of Sir Percivale, and so each one of other.  Sir Tristram
said unto Sir Percivale:  An ye will abide in these marches
I will ride with you.  Nay, said Percivale, in this country
I may not tarry, for I must needs into Wales.  So Sir
Percivale departed from Sir Tristram, and rode straight
unto King Mark, and told him how he had delivered Sir
Tristram; and also he told the king that he had done
himself great shame for to put Sir Tristram in prison, for
he is now the knight of most renown in this world living.
And wit thou well the noblest knights of the world love
Sir Tristram, and if he will make war upon you ye may
not abide it.  That is truth, said King Mark, but I may
not love Sir Tristram because he loveth my queen and my
wife, La Beale Isoud.  Ah, fie for shame, said Sir Percivale,
say ye never so more.  Are ye not uncle unto Sir
Tristram, and he your nephew?  Ye should never think
that so noble a knight as Sir Tristram is, that he would do
himself so great a villainy to hold his uncle's wife;
howbeit, said Sir Percivale, he may love your queen sinless,
because she is called one of the fairest ladies of the

Then Sir Percivale departed from King Mark.  So
when he was departed King Mark bethought him of more
treason: notwithstanding King Mark granted Sir Percivale
never by no manner of means to hurt Sir Tristram.  So
anon King Mark sent unto Sir Dinas the Seneschal that he
should put down all the people that he had raised, for he
sent him an oath that he would go himself unto the Pope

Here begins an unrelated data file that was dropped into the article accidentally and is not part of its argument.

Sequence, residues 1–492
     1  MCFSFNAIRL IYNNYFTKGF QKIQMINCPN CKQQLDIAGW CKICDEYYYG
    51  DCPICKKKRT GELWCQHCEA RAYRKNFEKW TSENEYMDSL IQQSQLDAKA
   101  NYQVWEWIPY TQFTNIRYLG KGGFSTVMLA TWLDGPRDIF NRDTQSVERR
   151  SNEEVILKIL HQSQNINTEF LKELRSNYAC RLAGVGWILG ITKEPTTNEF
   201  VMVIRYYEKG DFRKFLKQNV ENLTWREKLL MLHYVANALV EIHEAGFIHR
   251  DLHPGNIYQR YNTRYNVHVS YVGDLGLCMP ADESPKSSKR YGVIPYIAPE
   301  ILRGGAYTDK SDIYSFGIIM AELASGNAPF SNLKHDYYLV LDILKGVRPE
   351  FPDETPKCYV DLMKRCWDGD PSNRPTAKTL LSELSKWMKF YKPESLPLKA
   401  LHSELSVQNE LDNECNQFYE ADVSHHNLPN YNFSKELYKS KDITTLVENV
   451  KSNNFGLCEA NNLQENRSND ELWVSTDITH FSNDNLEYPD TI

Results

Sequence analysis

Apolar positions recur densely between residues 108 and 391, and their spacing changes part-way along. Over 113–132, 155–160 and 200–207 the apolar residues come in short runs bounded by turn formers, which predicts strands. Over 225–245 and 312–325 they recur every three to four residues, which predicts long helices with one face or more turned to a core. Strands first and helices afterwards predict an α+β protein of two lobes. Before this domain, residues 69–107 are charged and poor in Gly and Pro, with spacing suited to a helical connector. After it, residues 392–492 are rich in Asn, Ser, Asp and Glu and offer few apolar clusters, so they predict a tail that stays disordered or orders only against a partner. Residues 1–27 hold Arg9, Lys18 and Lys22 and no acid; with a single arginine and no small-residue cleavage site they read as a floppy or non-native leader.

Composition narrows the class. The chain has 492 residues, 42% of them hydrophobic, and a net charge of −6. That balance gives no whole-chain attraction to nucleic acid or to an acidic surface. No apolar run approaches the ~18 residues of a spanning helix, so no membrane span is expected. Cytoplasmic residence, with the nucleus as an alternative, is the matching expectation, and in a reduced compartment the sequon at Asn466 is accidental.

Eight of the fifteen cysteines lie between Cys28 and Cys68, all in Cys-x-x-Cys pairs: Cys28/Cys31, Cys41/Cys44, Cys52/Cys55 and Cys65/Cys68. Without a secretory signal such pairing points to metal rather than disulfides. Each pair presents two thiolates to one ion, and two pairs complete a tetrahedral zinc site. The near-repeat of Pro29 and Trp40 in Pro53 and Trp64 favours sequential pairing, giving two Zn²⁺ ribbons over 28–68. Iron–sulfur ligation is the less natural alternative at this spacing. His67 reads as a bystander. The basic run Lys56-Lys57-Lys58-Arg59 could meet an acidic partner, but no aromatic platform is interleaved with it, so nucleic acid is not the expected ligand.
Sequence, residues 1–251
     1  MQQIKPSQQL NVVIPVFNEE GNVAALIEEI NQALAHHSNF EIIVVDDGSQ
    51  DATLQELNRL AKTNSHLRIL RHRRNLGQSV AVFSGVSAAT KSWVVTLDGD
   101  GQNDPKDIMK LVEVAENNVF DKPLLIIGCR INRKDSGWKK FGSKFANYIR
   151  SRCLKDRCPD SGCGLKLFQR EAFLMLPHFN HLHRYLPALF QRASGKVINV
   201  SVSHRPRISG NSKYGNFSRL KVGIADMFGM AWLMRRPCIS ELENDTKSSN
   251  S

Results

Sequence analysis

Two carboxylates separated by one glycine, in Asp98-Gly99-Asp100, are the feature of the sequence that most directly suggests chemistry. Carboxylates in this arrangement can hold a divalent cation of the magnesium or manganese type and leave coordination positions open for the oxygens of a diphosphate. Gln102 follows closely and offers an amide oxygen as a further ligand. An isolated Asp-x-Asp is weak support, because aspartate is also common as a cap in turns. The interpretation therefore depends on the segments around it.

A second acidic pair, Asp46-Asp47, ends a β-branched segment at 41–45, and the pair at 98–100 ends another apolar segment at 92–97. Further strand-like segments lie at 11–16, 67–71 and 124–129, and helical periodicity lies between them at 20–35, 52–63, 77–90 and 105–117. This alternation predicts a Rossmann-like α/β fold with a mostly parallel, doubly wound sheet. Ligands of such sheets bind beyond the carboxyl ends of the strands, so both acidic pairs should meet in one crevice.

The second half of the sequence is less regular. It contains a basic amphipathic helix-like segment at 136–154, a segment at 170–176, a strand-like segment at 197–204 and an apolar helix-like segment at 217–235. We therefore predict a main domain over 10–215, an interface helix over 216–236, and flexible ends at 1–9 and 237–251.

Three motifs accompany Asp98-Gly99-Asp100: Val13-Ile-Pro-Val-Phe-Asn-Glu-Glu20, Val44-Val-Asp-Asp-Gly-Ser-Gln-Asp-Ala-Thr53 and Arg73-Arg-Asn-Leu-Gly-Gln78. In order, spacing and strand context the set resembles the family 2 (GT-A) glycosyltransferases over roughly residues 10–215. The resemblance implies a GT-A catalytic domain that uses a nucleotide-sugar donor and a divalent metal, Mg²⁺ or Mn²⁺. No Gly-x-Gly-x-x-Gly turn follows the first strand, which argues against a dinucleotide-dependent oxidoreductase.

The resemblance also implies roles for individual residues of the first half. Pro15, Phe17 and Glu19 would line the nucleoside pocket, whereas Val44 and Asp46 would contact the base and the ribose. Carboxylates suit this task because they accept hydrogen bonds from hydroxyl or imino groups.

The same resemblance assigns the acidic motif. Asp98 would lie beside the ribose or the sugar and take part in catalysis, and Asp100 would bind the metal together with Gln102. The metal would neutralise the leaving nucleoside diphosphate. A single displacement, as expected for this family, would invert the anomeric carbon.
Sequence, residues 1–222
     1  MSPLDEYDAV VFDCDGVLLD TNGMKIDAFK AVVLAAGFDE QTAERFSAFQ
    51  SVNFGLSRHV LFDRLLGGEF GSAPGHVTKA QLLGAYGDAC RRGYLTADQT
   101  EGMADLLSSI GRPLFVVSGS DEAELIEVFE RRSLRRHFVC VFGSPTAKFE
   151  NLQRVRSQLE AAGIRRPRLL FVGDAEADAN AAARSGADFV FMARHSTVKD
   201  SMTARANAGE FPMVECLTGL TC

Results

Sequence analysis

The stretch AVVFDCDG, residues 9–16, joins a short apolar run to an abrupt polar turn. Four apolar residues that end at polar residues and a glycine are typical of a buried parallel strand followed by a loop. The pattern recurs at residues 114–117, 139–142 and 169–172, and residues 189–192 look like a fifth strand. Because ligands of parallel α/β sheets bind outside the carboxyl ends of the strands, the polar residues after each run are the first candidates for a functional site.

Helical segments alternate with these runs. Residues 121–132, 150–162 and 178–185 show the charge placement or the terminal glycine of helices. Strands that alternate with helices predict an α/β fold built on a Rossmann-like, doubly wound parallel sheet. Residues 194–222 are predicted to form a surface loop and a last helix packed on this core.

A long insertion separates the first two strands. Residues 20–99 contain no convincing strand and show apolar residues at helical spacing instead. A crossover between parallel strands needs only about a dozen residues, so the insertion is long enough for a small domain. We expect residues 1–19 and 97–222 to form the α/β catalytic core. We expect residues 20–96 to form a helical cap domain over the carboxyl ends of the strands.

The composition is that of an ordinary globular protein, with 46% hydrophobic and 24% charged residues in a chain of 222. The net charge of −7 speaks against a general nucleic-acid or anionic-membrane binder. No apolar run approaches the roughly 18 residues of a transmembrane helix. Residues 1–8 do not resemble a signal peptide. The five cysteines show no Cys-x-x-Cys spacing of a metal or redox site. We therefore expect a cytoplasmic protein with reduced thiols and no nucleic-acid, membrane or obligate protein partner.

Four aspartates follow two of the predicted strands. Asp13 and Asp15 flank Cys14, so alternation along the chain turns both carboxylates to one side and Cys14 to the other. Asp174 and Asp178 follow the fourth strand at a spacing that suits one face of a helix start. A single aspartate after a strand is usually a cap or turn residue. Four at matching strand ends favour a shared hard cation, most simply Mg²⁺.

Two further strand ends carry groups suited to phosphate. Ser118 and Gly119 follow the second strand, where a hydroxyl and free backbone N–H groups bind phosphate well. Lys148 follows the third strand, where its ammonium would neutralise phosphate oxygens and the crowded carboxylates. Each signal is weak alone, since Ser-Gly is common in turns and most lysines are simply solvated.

of Rome to war upon the miscreants; and this is a fairer
war than thus to arise the people against your king.
When Sir Dinas understood that King Mark would go
upon the miscreants, then Sir Dinas in all the haste put
down all the people; and when the people were departed
every man to his home, then King Mark espied where
was Sir Tristram with La Beale Isoud; and there by
treason King Mark let take him and put him in prison,
contrary to his promise that he made unto Sir Percivale.

When Queen Isoud understood that Sir Tristram was
in prison she made as great sorrow as ever made lady or
gentlewoman.  Then Sir Tristram sent a letter unto La
Beale Isoud, and prayed her to be his good lady; and if it
pleased her to make a vessel ready for her and him, he
would go with her unto the realm of Logris, that is this
land.  When La Beale Isoud understood Sir Tristram's
letters and his intent, she sent him another, and bade him
be of good comfort, for she would do make the vessel
ready, and all thing to purpose.

Then La Beale Isoud sent unto Sir Dinas, and to
Sadok, and prayed them in anywise to take King Mark,
and put him in prison, unto the time that she and Sir
Tristram were departed unto the realm of Logris.  When
Sir Dinas the Seneschal understood the treason of King
Mark he promised her again, and sent her word that King
Mark should be put in prison.  And as they devised it so
it was done.  And then Sir Tristram was delivered out of
prison; and anon in all the haste Queen Isoud and Sir
Tristram went and took their counsel with that they would
have with them when they departed.